This film certainly offers a punch. A countess and her gold need to be transported to Vera Cruz, a port city in the Gulf of Mexico. Along the way, various alliances are created as much as they are double-crossed. It’s a game of wits executed perfectly by the brilliant Robert Aldrich.
It’s also great to see the genre-expanding into new landscapes.
The Ballad of Cable Hogue (Sam Peckinpah, 1970)
"The Ballad of Cable Hogue" production caused quite a stir at the time. It went over the budget by three-million dollars and continued 19 days after schedule. That being said, the film that was shot in the desert landscapes of Nevada ended up being a masterful commentary on American despair.
Sadly due to production issues, Holywood lost interest in Peckinpah after this film. But we sure didn't!
Pale Rider (Clint Eastwood, 1985)
When a snowy mountain is pillaged over a land ownership battle during the early Gold Rush, all notions of money and land play into the grand struggle for power in America.
This Clint Eastwood blockbuster, while special in its own right, somewhat resembles "The Unforgiven" and could even be considered as a trial run.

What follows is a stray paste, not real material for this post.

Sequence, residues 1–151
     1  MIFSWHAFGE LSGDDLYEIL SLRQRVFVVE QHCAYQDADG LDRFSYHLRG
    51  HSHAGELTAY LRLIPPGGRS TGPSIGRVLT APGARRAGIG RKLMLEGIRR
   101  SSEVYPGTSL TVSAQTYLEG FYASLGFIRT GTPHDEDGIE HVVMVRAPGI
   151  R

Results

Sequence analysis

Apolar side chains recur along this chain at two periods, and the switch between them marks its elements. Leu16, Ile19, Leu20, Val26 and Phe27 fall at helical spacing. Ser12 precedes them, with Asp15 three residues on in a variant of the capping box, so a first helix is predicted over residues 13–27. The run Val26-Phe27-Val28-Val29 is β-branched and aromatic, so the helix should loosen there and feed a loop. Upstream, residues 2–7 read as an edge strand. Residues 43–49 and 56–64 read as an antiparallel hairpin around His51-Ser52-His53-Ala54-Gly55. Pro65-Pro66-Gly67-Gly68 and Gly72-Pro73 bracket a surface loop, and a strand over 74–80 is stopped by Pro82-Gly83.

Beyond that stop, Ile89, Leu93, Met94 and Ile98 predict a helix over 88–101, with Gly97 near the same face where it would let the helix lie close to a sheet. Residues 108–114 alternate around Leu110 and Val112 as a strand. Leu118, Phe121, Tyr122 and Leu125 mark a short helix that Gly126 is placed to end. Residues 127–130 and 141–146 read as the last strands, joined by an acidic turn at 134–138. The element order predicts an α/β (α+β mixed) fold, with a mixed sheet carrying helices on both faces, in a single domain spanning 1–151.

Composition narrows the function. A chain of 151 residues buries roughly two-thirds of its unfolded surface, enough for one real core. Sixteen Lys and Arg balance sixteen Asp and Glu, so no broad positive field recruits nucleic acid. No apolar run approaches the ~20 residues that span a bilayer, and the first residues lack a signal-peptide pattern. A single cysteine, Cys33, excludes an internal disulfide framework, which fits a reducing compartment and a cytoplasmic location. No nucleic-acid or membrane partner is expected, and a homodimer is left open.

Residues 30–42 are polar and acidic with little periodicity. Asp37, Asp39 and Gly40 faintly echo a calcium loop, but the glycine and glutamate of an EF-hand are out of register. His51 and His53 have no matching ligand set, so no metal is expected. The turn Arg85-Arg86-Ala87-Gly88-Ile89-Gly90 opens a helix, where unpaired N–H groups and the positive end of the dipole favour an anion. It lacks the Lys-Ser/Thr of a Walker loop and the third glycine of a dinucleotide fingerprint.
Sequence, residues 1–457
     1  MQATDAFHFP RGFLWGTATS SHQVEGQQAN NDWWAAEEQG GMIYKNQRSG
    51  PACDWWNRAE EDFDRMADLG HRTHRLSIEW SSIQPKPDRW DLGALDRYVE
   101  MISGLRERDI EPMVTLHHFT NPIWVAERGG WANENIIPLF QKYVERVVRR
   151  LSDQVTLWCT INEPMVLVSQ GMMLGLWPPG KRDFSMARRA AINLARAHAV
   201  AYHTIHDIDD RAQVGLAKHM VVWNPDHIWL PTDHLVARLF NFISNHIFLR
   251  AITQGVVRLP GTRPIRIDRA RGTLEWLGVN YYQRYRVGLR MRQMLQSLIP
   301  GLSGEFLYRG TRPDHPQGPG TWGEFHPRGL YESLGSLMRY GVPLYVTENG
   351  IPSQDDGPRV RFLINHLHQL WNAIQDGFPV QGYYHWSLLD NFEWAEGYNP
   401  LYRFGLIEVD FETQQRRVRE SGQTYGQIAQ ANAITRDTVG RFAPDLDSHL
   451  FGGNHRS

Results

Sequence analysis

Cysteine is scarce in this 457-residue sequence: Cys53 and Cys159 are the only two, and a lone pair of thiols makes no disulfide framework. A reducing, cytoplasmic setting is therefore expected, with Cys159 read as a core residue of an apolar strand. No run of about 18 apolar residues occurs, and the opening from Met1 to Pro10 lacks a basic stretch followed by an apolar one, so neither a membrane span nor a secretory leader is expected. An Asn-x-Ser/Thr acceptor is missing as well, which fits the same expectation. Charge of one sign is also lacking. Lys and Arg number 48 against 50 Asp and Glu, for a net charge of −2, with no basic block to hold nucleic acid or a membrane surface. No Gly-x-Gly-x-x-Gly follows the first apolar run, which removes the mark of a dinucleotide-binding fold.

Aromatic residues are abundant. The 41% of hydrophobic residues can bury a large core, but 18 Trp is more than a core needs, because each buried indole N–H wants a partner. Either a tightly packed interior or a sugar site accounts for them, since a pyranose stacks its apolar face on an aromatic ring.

Run of the Arrow (Samuel Fuller, 1957)
Run of the Arrow follows Private O’Meara, a Confederate soldier who ends up living with a Native American tribe. One could even credit this film for inspiring Kevin Costner's "Dances with Wolves." Unfortunately, in true 1950's fashion, the Native American characters are all played by clearly Caucasian actors.
Not entirely helpful in the authenticity department. Still, the film manages to depict the deductive nature of bigotry in its own Hollywood way.
The Wind (Victor Sjöström, 1928)
This Swedish western follows the captivating tale of an East Coast woman forced into an unwanted marriage. Left to suffer in a windy cottage, our protagonist ( played by Lillian Gish) gets swept up by the literal wind (hence the importance of the name.)
The hallucinatory film remains grounded in Gish's performance as she offers raw emotion that depicts her inner conflict as she sits alone in the vast wilderness,